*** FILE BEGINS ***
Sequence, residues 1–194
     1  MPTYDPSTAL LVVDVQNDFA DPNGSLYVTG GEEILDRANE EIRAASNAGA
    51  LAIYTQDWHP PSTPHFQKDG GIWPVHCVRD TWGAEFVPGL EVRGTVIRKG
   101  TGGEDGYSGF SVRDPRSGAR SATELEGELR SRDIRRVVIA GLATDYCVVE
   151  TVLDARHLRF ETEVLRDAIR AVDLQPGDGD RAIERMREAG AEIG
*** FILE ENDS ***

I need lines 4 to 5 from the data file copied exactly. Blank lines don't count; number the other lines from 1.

   101  TGGEDGYSGF SVRDPRSGAR SATELEGELR SRDIRRVVIA GLATDYCVVE
   151  TVLDARHLRF ETEVLRDAIR AVDLQPGDGD RAIERMREAG AEIG